Perhaps the reason why major stock market drops are so hard to predict is that the returns of the market are concentrated in a remarkably small number of days. Over the years, we’ve seen a number of studies on this topic, but most recently Fortune wrote that “from 1997 through 2017, the S&P 500 returned 7.2% annually. But if you had been on the sidelines, for whatever reason, and missed the markets’ 30 best days – a tiny fraction of the 5,217 trading days during the 21-year span – your stock portfolio would have lost 0.9% annually.” It’s worth noting that two of the four major drops of the past fifty years (Summer 1998 to Spring 2000 and Fall 2008 to Spring 2009) took place during this period, and yet, the overall returns were still reasonable. So if someone claims they can predict market hiccups, we say exactly how can this be done? What forecaster can guess today when these 30 good days will be over the next 21 years?
Viewed this way, one realizes that despite the non-stop parade of commentators in the media claiming they can predict the market’s ups and downs, the overwhelming evidence is that it is cognitive error to try. We believe we just have to accept with equanimity that from time to time the market is going to have big drops. And when the markets do drop, remember that Wall Street is the only place where buyers disappear when top-notch merchandise is heavily marked down. Ben Graham, certainly one of the most brilliant investment thinkers of the past century, summarized this as follows: “The stock market functions as a voting machine in the short run, it acts as a weighing machine in the long run.” Crowd psychology garners the votes, free cash flow generated stacks up the weights.5
Dealing with irrationality – read, keep an open mind, be curious, focused, patient and happy
Understanding how our brain’s tendencies can sabotage financial decisions, we have identified the following interconnected habits that we believe can greatly help folks achieve investment success:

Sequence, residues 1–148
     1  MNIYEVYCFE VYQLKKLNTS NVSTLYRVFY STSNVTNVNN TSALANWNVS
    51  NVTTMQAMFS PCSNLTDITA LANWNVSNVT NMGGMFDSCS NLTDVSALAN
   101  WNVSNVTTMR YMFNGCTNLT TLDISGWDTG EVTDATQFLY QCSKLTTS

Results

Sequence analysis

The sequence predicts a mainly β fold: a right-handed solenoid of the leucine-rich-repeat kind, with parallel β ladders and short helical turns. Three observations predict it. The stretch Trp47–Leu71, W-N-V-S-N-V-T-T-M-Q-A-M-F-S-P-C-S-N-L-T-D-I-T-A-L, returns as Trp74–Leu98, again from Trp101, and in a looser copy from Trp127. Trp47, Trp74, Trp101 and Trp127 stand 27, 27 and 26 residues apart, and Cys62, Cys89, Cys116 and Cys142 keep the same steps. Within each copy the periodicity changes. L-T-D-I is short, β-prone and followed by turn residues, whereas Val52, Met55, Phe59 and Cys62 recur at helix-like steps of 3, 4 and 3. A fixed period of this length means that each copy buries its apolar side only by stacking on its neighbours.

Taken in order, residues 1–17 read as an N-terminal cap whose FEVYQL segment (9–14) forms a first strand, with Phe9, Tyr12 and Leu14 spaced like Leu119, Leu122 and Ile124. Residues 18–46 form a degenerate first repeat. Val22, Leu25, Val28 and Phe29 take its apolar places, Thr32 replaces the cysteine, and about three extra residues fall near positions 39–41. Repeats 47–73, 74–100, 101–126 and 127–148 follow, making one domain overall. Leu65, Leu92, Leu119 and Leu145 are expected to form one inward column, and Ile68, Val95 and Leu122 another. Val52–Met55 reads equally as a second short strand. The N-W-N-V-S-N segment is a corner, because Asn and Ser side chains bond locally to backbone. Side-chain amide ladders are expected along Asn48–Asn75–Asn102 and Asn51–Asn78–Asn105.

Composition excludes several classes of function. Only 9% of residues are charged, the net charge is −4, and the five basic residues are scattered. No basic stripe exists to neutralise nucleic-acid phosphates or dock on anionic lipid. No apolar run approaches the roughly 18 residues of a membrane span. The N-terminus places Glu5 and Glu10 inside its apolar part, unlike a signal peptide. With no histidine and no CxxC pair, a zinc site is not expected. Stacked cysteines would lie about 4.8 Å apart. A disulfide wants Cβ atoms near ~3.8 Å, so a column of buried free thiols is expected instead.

Knowledge builds on itself. Charlie Munger said: “In my whole life, I have known no wise people … who didn’t read all the time – none, zero.” Really enjoying reading a lot about business and investing is, in our opinion, a requirement for success in long-term investing. Or as Einstein put it: “Wisdom is not a product of schooling but of the lifelong attempt to acquire it.”
Keep an open mind
We are investment polygamists – we don’t think there is any one approach to success. Certainly we follow the proverb that the first rule of fishing is to fish where the fish are. This means, for example, we favor companies with insider buying, purchasing their own stock, and spin-offs over businesses doing lots of acquisitions, which we generally feel perform poorly. But that doesn’t mean we won’t research those businesses occasionally. If you go back in American business history, there are lots of examples where the exception was well worth researching. Perhaps the first industry roll-up was the American News Company going public on the N.Y.S.E., buying out the other major newspaper and periodical distributors in the late 1860s, thus creating a profitable and long-lasting monopoly lasting many decades.
Furthermore, industries change, as do barriers to entry, i.e., competitive moats. At the beginning of my career I viewed railroads and airlines as terrible businesses, but as the competitive dynamics of both evolved, I now think they’re broadly attractive. The original Silicon Valley was Scranton, then Cleveland, later New Jersey. A key is to approach any investment through different prisms -- remembering always that what works to analyze one business may not be applicable to another.
At the end of the day, we want to avoid what Machiavelli identified as the “tragedy of man – circumstances change, but he doesn’t.”
Walter Isaacson feels that a common thread among Leonardo da Vinci, Ben Franklin, Albert Einstein and Steve Jobs is being really curious – having a child-like sense of wonder about the world. Samuel Johnson felt “curiosity is one of the most permanent and certain characteristics of a vigorous intellect.” Being curious in investing surely helps identify new technologies, see what managements are really doing, and in countless other ways.